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Greg, you bring up an interesting point. I cannot remember a time since my undergrad days when I had someone older like that in my life. But even then my questions were too much for him. I have found myself in the "older" role far more often than in the younger. Yet another check against task driven church work. I am honestly trying to recall the last time I trusted an "older" person with the musings of my soul. I do not think I have in the last 20 years (I am only 21 years into my journey) I have longed for it, but have never found someone who could/would take me on when I asked the unanswerable questions that you just have to grapple with, not get answered. Everyone always wanted a tidy package - which you of all people know I am not. Maybe some day that will come into my life. Until then, I keep taking on younger folks and giving them what I never had.


Yes, I think the "generation gap" between us and the boomers is just too great for an effective mentoring. I will go out on a limb here and say the problem resides more in the mentality of their generation than in ours. It is a selfish, "me" generation that, way generalizing here, is too shallow to realize this.


Well, as a member of the boomers, I can say I never have had a mentor either, though I can honestly tell you I have longed for such and asked God fervently to supply this according to His will. Nor have I felt particularly effective at trying to mentor others. Perhaps I am too self-centered, though I would like to think not. (of course)

As I get older I find the idea of mentoring as it is currently experienced seems to ride on the pre-supposition that the older is to bring the younger more fully into believing as the mentor does and practicing faith accordingly.

I wonder if the whole mentoring thing is based on a faulty notion. That is, belief is passed from one generation to the next, and the following generation remains under the mentor until ...hwat? the memtor has died?

Quite frankly that seems to serve the idea of leadership as hierarchial, and the older holds authority by virtue of higher position.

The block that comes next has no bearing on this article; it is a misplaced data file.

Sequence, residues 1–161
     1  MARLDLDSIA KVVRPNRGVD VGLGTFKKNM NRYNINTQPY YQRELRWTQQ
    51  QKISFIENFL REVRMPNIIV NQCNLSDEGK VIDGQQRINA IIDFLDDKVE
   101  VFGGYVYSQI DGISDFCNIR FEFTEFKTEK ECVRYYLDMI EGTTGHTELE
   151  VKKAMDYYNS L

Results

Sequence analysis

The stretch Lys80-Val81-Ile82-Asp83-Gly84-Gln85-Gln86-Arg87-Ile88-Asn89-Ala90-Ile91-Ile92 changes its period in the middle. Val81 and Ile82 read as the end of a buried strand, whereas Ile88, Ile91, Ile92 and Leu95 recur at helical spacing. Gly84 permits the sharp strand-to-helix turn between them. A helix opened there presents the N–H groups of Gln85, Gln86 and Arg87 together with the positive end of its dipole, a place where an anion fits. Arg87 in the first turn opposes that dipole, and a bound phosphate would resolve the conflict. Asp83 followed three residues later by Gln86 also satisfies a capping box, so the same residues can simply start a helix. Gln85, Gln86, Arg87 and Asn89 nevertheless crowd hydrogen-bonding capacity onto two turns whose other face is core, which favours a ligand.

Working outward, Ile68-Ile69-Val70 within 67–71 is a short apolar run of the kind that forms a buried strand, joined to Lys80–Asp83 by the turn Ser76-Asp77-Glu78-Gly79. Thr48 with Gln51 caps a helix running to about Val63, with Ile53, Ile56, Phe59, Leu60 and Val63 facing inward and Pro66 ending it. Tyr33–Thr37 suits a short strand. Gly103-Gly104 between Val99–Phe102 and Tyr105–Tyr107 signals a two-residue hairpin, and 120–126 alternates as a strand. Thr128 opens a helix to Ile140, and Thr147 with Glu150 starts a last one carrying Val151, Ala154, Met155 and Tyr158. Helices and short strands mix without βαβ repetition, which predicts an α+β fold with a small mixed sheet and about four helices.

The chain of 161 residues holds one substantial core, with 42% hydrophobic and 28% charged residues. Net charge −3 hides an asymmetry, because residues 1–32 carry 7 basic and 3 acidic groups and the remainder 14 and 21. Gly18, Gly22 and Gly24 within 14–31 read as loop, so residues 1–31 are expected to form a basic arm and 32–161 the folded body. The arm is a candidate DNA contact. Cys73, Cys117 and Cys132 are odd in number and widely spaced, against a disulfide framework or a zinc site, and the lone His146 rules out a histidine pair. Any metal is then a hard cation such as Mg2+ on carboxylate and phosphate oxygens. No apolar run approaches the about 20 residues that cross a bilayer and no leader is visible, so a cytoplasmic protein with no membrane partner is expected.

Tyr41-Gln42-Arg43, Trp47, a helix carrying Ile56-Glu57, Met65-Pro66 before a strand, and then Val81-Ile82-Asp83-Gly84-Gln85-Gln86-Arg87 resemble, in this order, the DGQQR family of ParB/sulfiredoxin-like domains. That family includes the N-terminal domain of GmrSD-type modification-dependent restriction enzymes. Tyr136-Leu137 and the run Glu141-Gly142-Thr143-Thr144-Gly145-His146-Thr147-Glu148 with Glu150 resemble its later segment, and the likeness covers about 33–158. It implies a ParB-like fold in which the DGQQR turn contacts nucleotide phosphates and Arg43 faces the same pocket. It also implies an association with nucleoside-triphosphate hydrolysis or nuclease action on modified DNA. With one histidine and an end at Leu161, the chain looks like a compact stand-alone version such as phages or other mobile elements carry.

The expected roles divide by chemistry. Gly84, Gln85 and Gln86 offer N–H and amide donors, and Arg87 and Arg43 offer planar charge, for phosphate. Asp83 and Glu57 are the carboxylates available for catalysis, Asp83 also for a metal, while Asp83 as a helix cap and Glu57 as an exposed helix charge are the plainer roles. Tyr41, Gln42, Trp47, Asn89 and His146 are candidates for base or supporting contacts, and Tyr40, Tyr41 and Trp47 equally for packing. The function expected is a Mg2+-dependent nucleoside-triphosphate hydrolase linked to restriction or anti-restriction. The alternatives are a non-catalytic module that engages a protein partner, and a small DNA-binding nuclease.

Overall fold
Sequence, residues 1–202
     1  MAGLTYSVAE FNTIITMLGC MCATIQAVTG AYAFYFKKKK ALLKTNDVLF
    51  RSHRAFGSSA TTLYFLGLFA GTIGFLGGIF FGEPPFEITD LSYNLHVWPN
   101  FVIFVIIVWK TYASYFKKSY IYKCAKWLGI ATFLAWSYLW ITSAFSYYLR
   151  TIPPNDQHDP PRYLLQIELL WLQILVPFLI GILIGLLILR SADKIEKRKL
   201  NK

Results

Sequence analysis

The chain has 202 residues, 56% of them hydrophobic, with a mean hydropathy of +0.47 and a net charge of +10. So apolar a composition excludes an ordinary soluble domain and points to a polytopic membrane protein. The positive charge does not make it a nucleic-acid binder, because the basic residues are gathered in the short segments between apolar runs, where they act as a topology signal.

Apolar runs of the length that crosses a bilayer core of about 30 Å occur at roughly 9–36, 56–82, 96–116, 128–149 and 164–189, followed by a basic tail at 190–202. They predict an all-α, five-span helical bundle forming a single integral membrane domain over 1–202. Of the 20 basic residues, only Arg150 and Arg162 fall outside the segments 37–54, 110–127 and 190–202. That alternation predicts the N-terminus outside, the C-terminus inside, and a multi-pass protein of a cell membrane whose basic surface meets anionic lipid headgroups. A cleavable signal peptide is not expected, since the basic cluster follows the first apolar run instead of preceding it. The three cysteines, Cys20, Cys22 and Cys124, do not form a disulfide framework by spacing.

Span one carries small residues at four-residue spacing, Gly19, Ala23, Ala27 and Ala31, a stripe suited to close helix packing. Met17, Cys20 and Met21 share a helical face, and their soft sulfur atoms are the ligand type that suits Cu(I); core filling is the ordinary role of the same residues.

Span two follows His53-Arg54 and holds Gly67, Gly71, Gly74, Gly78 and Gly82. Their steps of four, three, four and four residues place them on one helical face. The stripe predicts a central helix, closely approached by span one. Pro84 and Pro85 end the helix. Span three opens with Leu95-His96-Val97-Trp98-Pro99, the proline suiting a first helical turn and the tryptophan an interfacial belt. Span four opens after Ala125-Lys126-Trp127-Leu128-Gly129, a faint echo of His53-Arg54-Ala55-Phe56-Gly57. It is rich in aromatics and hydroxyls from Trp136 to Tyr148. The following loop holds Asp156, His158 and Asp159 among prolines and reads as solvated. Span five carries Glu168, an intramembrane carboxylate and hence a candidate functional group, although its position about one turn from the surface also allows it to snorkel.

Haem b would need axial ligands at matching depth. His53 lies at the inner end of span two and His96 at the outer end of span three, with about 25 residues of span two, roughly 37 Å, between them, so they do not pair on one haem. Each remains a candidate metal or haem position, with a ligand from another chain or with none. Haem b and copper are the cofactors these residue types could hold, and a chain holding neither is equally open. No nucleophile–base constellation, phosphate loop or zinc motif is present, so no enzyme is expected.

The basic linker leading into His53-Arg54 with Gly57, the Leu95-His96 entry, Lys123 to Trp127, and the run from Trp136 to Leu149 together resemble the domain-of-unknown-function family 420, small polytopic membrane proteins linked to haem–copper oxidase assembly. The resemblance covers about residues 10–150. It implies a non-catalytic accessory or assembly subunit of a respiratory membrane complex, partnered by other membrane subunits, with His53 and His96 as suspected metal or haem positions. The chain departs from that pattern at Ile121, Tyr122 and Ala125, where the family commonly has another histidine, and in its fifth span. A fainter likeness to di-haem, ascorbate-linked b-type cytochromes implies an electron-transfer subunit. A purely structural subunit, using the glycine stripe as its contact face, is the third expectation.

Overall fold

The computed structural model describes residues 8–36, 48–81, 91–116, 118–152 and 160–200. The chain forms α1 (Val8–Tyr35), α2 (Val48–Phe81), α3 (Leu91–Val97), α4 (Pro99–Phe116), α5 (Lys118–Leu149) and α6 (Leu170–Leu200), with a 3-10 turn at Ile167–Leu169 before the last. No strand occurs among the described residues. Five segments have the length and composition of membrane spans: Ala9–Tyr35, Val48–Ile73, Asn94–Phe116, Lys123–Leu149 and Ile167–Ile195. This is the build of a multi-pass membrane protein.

What if we understood the mentor/mentee thing differently. I am only successful as a mentor, if those who I mentor grow into God in such a way as to no longer need me except as a fellow brother.


Well my limb just broke! Thank you David for not letting my irritation with you Boomers annoy you. Of course there are many exceptions and, like I said, I was over-generalizing. This cuts it to the core:

"What if we understood the mentor/mentee thing differently. I am only successful as a mentor, if those who I mentor grow into God in such a way as to no longer need me except as a fellow brother."

Maybe another (better) term is "one-anothering." I think I remember us having a deep convo about that a decade ago.


Annoy? (chuckling). One thing I have learned in the Spirit of God, things that annoy are a gift, and the annoyance is evidence of my fleshly nature. Having that nature illuminated is an opportunity to put the flesh and its weakness away. Thankfully, in my weaknesses He is strong; being successful resisting the flesh is something at which Jesus is exceptional!

However, you raised an interesting point I had to think about. This is good as well. Boomers are often self-consumed. I do not think this is a phenomenon. I think throughout time people with much material wealth have been prone to selfish excess. What is phenomenal is that we live in a day and time when wealth has been held by so many at once, and these many feel the freedom to express their sometimes opinions freely as if we know! In that sense, I am sure we boomers can feel tiresome. A reason why you choose not to live among them, maybe? ;^)

Greg, since I have never stated it before, allow me this moment to tell you that I have always admired and respected you. This is not a compliment intended to flatter. The love of God makes it safe to build one another up, no? I would be surprised if you could ever annoy; however, should you do so, it is my problem not yours.


That is a great point David. The only mentor like relationship I had, the first year or so of my journey, turned very "mentor centered" and I discovered that the guy was deeply mired in the "need to be needed" trap. I have always tried to help grow the people I mentor to a place where they are a peer and a friend. It is similar to the same goal I have for my kids - to grow up and become adults and, God willing, friends. My parents are among my dearest friends. I hope to have the same blessing when my children are grown.



I agree; I think there is a clear analogy to fathering in the mentor thing. Unfortunately, too many folks see parenting as something done for a life time.

Being friends with my grown children is very rewarding. They no longer ask for permission, but often ask for my thoughts. I still am an influence in their lives, but that as a result of releasing them from being under my authority.

Herein is the breakdown in Christian mentoring, I think--the unspoken or clearly expected sense that the mentor is an authority over the mentee.


It's strange to read this because, aside from my own Dad, the two most influential mentors in my life were Greg and Reed. The most profound thing for me (looking back) was being treated for the first time in my life as an equal. As a man. Simply having another man ask you what you think is a powerful thing.

I know all of us look back at that time and feel like we were just a part of the "machine", but it was that mentoring that redeems it all for me (and meeting my wife, of course!).

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